If you swallow the propaganda that there are "too many" people, then the logical conclusion would be to have fewer of them. This means either ones here should die (assisted suicide and Dr. Kevorkian), those that are sick or disabled should be denied assistance that would prolong their lives (eugenics/Hitler’s Holocaust, "death with dignity," Terry Schiavo, Charlie Gard, Isaiah Haastrup, and Alfie Evans – the latter four all murdered in either the U.S. or U.K. against their parents’ wishes because they were assessed by the courts as too inconvenient to live), or that future generations should be deliberately truncated (abortion and birth control).

If you believe there are "too many" people on Earth, then you have to side with Thanos – so put on your subservient face and get your lottery ticket from him.

Thanos never considers the possibility that, even were what he says is true now, that the creativity and intelligence and energy of the amazing minds against whom he fights could be better used to find ways to feed and comfort multiple times the number of people in existence. The technology available a thousand years ago could feed and clothe and shelter only a tiny fraction of those we can feed and clothe and shelter now using the same resources. Everything from antibiotics to sprinkler systems to knowledge of crop rotation and hydroponics makes increased production a no brainer.

This, of course, begs the question that every human life is a valuable, irreplacable gift from God which must not be discarded no matter the rationalization for it. That the moral imperative of humans should be that innocent life must be protected.

This also disregards the fact that what has been proposed by these population control advocates is merely a global sized pile of what Harry Truman might only refer to in polite company as….manure.

But did you know that everyone on Earth could fit into Texas?

I’m going to throw some numbers at you to demonstrate this, but to give you an aim to where I am headed: Everyone on the entire planet Earth could theoretically live in families of four in houses four times as large as the average house in England and ALL still fit into the State of Texas?

The current Earth population is 7.6 billion. The State of Texas land mass is roughly 7.5 TRILLION square feet. If you placed the world population into groups of four people each, this would give you 1.9 billion groups. If you assigned the square feet out evenly amongst those groups, each group could have a minimum of 3,947 square feet to call their own.

The average sized plot of land on which a British home rests is the same size. The average home in England is only 915 square feet.  The average New York apartment high rise contains only 750 square feet.  But without having to endure cramped high rise life, everyone could, theoretically, live in a Harry Potter-type suburban area like this real one shown here from a satellite photo of Barton Le Clay.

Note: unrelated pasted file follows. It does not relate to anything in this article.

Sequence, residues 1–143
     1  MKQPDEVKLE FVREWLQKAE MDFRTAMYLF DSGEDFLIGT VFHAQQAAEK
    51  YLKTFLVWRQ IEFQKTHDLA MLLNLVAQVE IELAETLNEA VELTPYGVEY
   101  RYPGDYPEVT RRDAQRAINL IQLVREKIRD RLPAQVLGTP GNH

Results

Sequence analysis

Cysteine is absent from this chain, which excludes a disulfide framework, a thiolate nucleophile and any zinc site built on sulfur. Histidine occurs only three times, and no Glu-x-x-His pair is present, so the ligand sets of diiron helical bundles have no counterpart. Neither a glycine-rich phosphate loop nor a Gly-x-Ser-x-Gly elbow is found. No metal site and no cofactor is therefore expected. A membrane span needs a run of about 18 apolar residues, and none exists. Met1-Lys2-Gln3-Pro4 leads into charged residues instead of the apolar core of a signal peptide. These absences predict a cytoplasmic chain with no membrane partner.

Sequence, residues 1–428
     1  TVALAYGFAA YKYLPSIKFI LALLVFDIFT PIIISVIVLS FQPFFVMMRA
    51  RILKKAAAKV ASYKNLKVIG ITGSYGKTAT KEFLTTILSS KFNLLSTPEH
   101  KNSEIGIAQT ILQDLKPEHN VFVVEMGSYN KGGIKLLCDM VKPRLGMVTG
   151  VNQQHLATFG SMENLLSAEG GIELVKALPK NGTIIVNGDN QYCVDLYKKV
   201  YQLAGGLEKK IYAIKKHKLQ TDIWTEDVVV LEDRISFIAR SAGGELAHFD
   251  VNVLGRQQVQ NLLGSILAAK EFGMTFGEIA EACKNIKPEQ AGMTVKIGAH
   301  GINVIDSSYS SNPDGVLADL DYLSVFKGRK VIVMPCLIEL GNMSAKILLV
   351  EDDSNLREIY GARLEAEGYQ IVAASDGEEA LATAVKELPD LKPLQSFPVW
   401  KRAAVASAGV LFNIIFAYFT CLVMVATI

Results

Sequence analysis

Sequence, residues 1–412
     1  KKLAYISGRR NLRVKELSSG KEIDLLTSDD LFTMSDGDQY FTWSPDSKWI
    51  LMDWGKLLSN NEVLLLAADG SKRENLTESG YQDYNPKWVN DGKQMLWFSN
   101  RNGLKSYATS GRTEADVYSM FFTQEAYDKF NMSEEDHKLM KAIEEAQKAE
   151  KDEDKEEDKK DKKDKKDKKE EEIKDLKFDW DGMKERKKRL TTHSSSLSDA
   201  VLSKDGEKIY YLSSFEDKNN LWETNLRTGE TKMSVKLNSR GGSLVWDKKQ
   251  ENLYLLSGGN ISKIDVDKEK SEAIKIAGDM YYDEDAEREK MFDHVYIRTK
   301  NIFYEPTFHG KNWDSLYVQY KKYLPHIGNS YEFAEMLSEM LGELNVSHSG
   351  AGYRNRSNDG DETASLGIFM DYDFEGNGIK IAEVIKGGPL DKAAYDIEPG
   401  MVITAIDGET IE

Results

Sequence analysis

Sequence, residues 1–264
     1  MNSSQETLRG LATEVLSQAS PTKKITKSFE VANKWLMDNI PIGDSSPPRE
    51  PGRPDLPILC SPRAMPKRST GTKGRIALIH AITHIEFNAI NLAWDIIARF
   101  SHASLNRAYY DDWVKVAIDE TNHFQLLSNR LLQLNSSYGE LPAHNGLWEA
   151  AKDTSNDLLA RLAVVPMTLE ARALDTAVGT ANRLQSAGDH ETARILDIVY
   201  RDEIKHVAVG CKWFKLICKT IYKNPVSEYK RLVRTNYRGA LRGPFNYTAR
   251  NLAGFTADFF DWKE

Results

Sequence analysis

Support areas such as roads, hospitals, schools, stores, business areas, even recreation centers such as parks, hotels, restaurants, ice cream parlors, old fashioned libraries and community swimming pools could GENEROUSLY be accommodated by about nine times the area needed to accommodate the homes.

The tally of the world’s only needed suburban area plus the support structures could handily be fit into 2.7 million square miles. There are 2.9 million square miles just in the lower 48 states of the United states.

The world’s only suburb could be fit into Texas.  The world’s only city could fit over the contiguous portions of the U.S.A. with considerable room to spare.

Keep in mind, were this to happen, the rest of the world would be completely and totally people free. India – uninhabited, China – zero, Russia – vacant, Europe – no one, England – empty, Australia – deserted.

This doesn’t EVEN take into account the possibility of ingeniously designed floating cities.

Of course, no one is suggesting we all move into the confines of the US. But to offer perspective, this World City could be fit into but HALF of Europe. Or less than a third of Russia. Or Australia, which is about the same size as the contiguous part of the U.S., WITH room to spare. And note how incredibly much land mass is left in the world – laughably vast stretches of thereby uninhabited areas would remain "people free" if we all just suburbed ourselves to Australia in neat little homes and their support buildings. The room we take up would be about 2.7 million square miles. The planet’s surface is 196 MILLION SQUARE MILES! 57 million is land mass.

So – those who propose to eliminate any of our human brethren for the sake of global overpopulation are planning genocide on bad information.

IN CONCLUSION:

A profound question arises from a bunch of comic book characters in a brilliant analogy to a real life monstrous philosophy seeking to crush out human life – all for the sake of a lie.

So I ask you again as you go to see this brilliant best that Marvel has to offer – Are you Team Avengers or….Team Thanos?